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Coronavirus In Greater Houston: Harris County To Train 300 New Contact Tracers By Next Week

As Houston enters its 10th week dealing with the coronavirus, Houston Public Media provides more live updates.


Harris County Judge Lina Hidalgo at a press conference inside Harris County Public Health on Wednesday.

This story is part of Houston Public Media's ongoing coronavirus coverage. To see our previous live coverage, click here.

Maps: Tracking COVID-19's Spread In Texas

Updated 7:15 p.m. CT Thursday

Former Houston Astros player and manager, Art Howe, is in the ICU with COVID-19, according to local outlets.

Howe, 73, told KPRC 2 that he first felt symptoms on Sunday, May 3. He later got tested and went to the ICU after his symptoms worsened.

Howe said he lost his sense of taste and felt "total fatigue." "I've never experienced anything like it in my life," he told KPRC 2. The former baseball star said he's starting to feel better.

Howe played for the Astros from 1976-1982 and then came back to manage the team from 1989-1993.

Updated 10:46 a.m. CT Thursday

Mayor Sylvester Turner has tested negative for COVID-19, he announced Thursday. The mayor, some staff members, and members of City Council were tested Tuesday in light of City Council member Letitia Plummer’s positive COVID-19 test.

“I encourage Houstonians to get tested. It is a quick process, and it does not matter if you have symptoms or are asymptomatic. The results will help you take better control of your health during the pandemic,” read a statement from Turner. “While my test result was negative, I will continue to practice social distancing and wear a face covering to do my part to stop the virus from spreading in our community.”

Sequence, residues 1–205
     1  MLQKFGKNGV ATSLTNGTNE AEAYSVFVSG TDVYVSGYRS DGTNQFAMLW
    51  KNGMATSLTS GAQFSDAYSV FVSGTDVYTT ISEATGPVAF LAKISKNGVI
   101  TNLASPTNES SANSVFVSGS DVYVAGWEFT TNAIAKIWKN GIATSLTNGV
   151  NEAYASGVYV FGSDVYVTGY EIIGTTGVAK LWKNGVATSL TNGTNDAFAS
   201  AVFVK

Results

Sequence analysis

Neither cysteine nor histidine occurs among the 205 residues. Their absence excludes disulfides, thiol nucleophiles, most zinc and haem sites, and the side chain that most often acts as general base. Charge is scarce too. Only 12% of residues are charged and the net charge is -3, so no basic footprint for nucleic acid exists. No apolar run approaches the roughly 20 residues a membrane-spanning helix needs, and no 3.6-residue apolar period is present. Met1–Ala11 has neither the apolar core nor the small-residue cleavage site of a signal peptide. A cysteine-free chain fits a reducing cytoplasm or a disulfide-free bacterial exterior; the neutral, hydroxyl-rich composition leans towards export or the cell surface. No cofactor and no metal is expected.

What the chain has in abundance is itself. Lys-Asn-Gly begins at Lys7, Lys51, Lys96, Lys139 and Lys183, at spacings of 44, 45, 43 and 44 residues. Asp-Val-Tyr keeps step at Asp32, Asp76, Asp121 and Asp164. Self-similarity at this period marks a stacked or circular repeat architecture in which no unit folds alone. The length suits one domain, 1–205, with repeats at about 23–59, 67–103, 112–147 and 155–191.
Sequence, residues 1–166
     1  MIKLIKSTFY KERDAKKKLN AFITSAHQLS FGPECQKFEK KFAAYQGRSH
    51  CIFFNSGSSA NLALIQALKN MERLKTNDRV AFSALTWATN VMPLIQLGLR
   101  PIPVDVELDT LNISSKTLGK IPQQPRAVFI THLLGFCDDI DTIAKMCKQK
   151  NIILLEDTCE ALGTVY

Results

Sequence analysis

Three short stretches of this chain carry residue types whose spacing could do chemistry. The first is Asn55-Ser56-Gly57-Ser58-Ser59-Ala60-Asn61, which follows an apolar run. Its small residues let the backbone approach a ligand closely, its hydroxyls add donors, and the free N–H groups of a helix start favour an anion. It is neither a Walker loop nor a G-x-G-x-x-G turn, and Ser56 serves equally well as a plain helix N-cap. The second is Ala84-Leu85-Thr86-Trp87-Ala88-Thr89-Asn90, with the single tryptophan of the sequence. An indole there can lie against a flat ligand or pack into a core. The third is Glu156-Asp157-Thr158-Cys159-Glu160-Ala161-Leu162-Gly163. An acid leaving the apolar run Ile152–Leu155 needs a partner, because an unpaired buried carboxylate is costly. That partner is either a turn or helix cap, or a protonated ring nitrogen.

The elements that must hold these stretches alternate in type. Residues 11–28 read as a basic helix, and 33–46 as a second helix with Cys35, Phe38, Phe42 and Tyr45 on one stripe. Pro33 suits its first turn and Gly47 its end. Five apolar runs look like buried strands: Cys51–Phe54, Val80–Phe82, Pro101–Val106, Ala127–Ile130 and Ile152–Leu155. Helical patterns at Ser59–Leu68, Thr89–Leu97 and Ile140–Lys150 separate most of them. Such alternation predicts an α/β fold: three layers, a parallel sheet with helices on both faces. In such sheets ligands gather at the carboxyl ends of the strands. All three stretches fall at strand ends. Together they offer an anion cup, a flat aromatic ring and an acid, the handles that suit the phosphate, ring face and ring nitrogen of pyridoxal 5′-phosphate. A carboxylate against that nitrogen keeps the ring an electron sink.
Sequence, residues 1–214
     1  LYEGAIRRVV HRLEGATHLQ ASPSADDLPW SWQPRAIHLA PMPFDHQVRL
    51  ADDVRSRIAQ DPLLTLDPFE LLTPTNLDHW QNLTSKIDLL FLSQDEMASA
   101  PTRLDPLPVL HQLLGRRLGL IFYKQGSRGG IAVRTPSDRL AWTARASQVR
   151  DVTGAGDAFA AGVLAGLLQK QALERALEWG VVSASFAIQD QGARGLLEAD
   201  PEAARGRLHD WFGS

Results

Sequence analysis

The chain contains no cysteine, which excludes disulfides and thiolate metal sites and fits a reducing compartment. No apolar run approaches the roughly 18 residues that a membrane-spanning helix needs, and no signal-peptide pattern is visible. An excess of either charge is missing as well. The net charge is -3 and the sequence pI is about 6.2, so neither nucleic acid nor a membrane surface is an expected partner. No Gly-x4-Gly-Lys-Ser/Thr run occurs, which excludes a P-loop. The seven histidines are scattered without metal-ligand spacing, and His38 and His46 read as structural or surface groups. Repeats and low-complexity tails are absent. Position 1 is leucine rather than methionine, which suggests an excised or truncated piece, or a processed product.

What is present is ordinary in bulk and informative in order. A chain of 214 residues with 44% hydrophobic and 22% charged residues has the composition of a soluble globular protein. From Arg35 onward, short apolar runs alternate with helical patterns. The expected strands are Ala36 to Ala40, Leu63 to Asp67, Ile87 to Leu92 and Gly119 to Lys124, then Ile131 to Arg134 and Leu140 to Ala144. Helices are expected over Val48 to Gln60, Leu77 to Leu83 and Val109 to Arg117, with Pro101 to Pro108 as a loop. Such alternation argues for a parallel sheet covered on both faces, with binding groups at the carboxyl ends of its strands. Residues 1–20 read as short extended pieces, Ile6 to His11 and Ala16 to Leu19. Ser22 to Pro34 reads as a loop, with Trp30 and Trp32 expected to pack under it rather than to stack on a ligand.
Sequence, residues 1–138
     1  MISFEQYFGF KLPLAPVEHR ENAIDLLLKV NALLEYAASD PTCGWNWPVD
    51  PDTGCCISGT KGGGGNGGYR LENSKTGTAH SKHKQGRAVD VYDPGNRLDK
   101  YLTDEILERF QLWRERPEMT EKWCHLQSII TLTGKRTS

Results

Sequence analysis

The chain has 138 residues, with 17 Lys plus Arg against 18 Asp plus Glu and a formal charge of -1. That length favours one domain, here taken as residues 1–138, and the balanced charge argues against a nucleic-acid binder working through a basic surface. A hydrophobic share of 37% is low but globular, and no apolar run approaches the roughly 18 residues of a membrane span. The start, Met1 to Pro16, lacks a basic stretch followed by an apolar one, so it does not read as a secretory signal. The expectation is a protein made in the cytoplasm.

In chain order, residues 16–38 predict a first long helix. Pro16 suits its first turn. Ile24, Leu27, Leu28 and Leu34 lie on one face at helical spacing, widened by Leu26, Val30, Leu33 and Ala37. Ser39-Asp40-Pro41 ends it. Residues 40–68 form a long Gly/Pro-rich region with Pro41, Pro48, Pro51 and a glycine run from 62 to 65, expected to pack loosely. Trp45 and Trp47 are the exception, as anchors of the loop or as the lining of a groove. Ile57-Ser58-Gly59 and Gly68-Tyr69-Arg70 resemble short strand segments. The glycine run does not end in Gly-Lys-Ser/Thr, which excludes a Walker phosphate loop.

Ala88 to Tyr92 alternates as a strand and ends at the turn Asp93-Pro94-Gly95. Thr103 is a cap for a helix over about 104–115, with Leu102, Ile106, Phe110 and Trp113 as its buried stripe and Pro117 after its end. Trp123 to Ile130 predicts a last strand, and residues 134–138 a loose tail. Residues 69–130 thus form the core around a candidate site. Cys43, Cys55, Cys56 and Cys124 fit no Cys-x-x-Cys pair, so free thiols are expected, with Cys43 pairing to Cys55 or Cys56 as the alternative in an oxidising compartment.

Updated 3:48 p.m. CT Wednesday

As many as 30,000 people were viewing the city’s rent relief website in the minutes leading up to the launch of its application process, an indication of the demand for rental assistance as COVID-19 continues to impact the economy and cause skyrocketing unemployment, city officials said on Wednesday.

More than 6,000 landlords signed up with the city last week to receive rental payments on behalf of their tenants, and on Wednesday, close to 12,000 tenants were ultimately successful in applying before the website was shut down. At one point, as many as 17,000 people were trying to apply, leading to a significant lag in the website’s response and shutting out many people before they were able to apply.

Local nonprofit Baker Ripley will screen the applications, and then work to provide rental payments directly to the landlords.

Mayor Sylvester Turner said on Monday that the city was “overwhelmed” by the response, before the city was forced to shut it down.

“I’m going to tell you, if we kept it open, we would have had thousands more who were applying,” Turner said.

Updated 3:07 p.m. CT Wednesday

From KUT in Austin: The Texas National Guard will send teams to disinfect nursing homes across the state, Gov. Greg Abbott announced Wednesday. Six have already been deployed, with more to follow.